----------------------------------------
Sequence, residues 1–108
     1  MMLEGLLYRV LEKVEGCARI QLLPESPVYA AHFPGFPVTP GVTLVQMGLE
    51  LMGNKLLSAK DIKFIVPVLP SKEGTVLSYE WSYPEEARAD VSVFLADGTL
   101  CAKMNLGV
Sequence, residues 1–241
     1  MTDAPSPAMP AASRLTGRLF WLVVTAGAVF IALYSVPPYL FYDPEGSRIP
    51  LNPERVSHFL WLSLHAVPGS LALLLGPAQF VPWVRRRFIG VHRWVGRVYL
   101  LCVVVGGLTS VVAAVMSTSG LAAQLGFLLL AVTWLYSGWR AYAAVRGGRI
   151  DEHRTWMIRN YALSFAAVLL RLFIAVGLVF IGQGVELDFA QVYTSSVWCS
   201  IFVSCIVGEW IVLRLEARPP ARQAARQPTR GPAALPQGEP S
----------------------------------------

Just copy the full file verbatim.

Sequence, residues 1–108
     1  MMLEGLLYRV LEKVEGCARI QLLPESPVYA AHFPGFPVTP GVTLVQMGLE
    51  LMGNKLLSAK DIKFIVPVLP SKEGTVLSYE WSYPEEARAD VSVFLADGTL
   101  CAKMNLGV
Sequence, residues 1–241
     1  MTDAPSPAMP AASRLTGRLF WLVVTAGAVF IALYSVPPYL FYDPEGSRIP
    51  LNPERVSHFL WLSLHAVPGS LALLLGPAQF VPWVRRRFIG VHRWVGRVYL
   101  LCVVVGGLTS VVAAVMSTSG LAAQLGFLLL AVTWLYSGWR AYAAVRGGRI
   151  DEHRTWMIRN YALSFAAVLL RLFIAVGLVF IGQGVELDFA QVYTSSVWCS
   201  IFVSCIVGEW IVLRLEARPP ARQAARQPTR GPAALPQGEP S